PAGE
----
Human malaria parasites in continuous culture.

            Plasmodium falciparum can now be maintained in continuous culture in human erythrocytes incubated at 38 degrees C in RPMI 1640 medium with human serum under an atmosphere with 7 percent carbon dioxide and low oxygen (1 or 5 percent). The original parasite material, derived from an infected Aotus trivirgatus monkey, was diluted more than 100 million times by the addition of human erythrocytes at 3- or 4-day intervals. The parasites continued to reproduce in their normal asexual cycle of approximately 48 hours but were no longer highly synchronous. The have remained infective to Aotus.
              Bookmark
              • Record: found
              • Abstract: found
              • Article: not found

              Measuring the accuracy of diagnostic systems.

              J Swets (1988)
              Diagnostic systems of several kinds are used to distinguish between two classes of events, essentially "signals" and "noise". For them, analysis in terms of the "relative operating characteristic" of signal detection theory provides a precise and valid measure of diagnostic accuracy. It is the only measure available that is uninfluenced by decision biases and prior probabilities, and it places the performances of diverse systems on a common, easily interpreted scale. Representative values of this measure are reported here for systems in medical imaging, materials testing, weather forecasting, information retrieval, polygraph lie detection, and aptitude testing. Though the measure itself is sound, the values obtained from tests of diagnostic systems often require qualification because the test data on which they are based are of unsure quality. A common set of problems in testing is faced in all fields. How well these problems are handled, or can be handled in a given field, determines the degree of confidence that can be placed in a measured value of accuracy. Some fields fare much better than others.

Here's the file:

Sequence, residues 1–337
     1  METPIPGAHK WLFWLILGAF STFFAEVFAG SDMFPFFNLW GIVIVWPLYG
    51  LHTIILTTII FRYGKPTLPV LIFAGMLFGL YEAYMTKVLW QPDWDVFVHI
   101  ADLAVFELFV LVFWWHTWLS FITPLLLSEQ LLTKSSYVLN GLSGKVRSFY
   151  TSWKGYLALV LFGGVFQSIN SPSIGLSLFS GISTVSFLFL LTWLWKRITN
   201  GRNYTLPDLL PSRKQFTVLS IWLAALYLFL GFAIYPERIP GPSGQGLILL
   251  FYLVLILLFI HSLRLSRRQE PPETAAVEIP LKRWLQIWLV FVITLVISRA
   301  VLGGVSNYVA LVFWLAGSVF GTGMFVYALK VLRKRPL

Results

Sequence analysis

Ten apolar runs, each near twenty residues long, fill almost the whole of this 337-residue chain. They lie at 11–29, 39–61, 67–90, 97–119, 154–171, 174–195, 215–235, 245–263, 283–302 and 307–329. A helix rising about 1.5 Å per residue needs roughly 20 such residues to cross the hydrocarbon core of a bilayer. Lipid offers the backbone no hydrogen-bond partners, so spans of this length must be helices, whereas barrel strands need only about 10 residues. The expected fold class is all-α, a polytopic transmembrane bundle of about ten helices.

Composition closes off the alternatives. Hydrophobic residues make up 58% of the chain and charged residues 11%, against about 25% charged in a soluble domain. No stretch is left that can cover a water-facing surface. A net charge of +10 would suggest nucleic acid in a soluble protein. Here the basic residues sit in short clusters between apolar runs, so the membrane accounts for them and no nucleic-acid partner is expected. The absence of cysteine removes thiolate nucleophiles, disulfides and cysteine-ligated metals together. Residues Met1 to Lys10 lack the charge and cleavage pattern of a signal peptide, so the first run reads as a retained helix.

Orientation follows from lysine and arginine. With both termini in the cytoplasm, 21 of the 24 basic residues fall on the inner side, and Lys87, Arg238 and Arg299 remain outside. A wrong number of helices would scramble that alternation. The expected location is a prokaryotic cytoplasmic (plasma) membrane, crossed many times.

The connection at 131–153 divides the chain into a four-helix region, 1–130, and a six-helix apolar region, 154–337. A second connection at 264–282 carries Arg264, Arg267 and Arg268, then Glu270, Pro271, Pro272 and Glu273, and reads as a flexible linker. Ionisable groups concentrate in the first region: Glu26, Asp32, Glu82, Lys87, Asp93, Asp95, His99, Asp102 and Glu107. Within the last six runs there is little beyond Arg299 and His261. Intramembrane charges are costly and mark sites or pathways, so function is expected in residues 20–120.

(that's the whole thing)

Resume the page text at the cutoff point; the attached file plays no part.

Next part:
Bookmark

                Author and article information

                Journal
                Genome Biol
                Genome Biology
                BioMed Central (London )
                1465-6906
                1465-6914
                2006
                20 February 2006
                : 7
                : 2
                : R12
                Affiliations
                [1 ]The Walter and Eliza Hall Institute of Medical Research, Melbourne, Victoria 3050, Australia
                [2 ]Department of Medical Biology, The University of Melbourne, Parkville, Victoria 3010, Australia
                [3 ]The Institute for Genomic Research (TIGR), Rockville, Maryland 20850, USA
                Article
                gb-2006-7-2-r12
                10.1186/gb-2006-7-2-r12
                1431722
                16507167
                cbca9dc4-7524-49a1-b695-45c67fc36f24
                Copyright © 2006 Sargeant et al.; licensee BioMed Central Ltd.

                This is an open access article distributed under the terms of the Creative Commons Attribution License ( http://creativecommons.org/licenses/by/2.0), which permits unrestricted use, distribution, and reproduction in any medium, provided the original work is properly cited.

                Categories
                Research

                Genetics
                Genetics

                Comments

                Comment on this article